I’m having a very bad day.
I’m hearing that in Lisa Simpson’s voice and the humour is a nice relief from the intermittent crying over the futility and pointlessness of my life.
I’m bored by my despair and its persistence.
Welcome back, yoga.
I’m doing my practice wrong, of course. Depression prevents sustained attention so I’m not doing long series and sequences. The self-hatred also impedes. Who am I to think I can do yoga with such an imperfect body? Give in, give up, fade away. Instead, I decided to keep my mat on the living room floor and break practice up into manageable bites: some downward dog now and some cat-cow later.
I bought myself a superfluous red tray to store my yoga magazines in, so the eight-dollar Ikea coffee table I bought on Marketplace looks classy, not cluttered. I’m turning the living room into an ersatz yoga den which I can then hate for my design fails.
I’ve been rereading the magazines for reference, bored with my versions of Warrior II and pigeon pose. I came across a sequence I’d avoided the first time I saw it. Some trauma-informed thing that got my back up. I don’t always lean into the discomfort. Today, though, I thought maybe I’d try the hip-opening poses.
Luckily, it’s not exotic. A birth defect and a childhood illness have left me hip-challenged. Sukhasana, or “the easy pose” is as good as it gets – no lotus for me. I don’t like it anyway. I’m extremely uncomfortable, my knees are nowhere close to the floor, and the top of my feet hurt. I feel like a defective child; how pathetic is it that I can’t manage “crisscross applesauce”?
It’s a whole “bad hips – fractured spine – I need an excuse to bail on the challenging” thing.
Because it is challenging, and the longer I hold the pose, the worse it gets. The pose is not causing harm. It aches but the challenge is mostly mental. The mantra is “quit”. And it gets louder the longer I maintain in this space.
My brain seeks the easy way out and my body wants to cave. It doesn’t like the stretch and the push and the burning and the work. It doesn’t like the way it feels in the inner hips, in the outer hips. It doesn’t like the vulnerability that I feel when I expose my core.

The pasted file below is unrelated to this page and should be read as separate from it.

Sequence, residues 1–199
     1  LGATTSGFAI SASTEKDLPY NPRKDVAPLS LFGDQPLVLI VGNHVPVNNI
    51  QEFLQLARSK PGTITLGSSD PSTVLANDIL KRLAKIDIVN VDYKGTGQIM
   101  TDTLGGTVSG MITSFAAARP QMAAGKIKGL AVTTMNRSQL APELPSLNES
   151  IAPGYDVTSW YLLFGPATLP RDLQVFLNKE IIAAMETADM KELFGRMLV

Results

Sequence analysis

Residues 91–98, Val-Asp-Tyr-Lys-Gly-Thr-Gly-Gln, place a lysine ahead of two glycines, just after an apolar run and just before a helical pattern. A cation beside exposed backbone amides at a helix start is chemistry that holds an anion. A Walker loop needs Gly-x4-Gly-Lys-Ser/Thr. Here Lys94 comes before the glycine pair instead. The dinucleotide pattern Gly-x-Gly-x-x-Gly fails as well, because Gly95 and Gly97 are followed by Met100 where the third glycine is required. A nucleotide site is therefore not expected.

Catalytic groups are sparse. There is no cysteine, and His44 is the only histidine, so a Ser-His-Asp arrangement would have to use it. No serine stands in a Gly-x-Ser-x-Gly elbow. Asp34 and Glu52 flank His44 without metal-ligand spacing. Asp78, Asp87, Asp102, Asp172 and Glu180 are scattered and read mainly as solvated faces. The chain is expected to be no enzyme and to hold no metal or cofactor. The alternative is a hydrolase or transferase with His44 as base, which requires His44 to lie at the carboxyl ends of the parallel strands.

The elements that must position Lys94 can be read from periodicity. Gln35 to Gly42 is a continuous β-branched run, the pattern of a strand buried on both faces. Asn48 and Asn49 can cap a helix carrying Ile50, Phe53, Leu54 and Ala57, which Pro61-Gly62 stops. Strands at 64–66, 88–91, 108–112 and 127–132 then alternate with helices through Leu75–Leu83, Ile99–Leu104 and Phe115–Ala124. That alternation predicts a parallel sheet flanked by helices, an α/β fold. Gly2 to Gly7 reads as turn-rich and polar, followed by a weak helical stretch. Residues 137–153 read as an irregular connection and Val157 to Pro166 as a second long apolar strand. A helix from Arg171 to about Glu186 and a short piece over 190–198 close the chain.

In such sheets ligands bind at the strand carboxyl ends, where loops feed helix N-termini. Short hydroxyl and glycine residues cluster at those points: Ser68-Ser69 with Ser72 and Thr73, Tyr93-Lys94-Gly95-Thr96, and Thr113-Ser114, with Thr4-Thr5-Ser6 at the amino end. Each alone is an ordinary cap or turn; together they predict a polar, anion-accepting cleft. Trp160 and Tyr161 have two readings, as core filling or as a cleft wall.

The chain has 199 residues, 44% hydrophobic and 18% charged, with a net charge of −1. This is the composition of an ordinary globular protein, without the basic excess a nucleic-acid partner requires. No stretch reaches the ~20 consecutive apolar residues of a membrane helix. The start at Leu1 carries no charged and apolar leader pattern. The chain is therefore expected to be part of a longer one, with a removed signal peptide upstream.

My body feels wild the longer I hold. It can’t figure out what to do to accommodate the discomfort, especially in the face of my intransigence. Maybe we should shift our weight more forward? Or back? Should we rock? I stretch up to the sky a little more every few moments to counteract the ease my body seeks via slumping.
Sustaining in the face of the discomfort is hard. Holding the line is a misery inside my head. Agitation grows. I start to feel wild and the tiniest bit feral. I think about screaming. I can’t possibly get through this. Ten more seconds. Ten more seconds and then I can bail. Part of me is expecting the quit. That’s who I am, isn’t it? A failure, a quitter, hopeless. The insults bounce around in the background of my brainpan.
The voice trails off or maybe it keeps going. I don’t know. I stop paying attention. Something is happening. The tension in the joints is worse, it’s more than I can bear, I can’t stand this. This is ridiculous, I don’t know how to do this, how to stop fighting. It will never ease. I will die from the discomfort of sitting with my legs crossed.
And then it’s gone.
The body stops fighting. The brain sighs in relief. I relax, all over. My range of motion doesn’t miraculously increase. I don’t miraculously slide into a perfect version of the pose. But the battle ends. This is acceptance. Ease and peace. I am.
In the pose, in the moment, in the headspace.
Persistence is not always futile.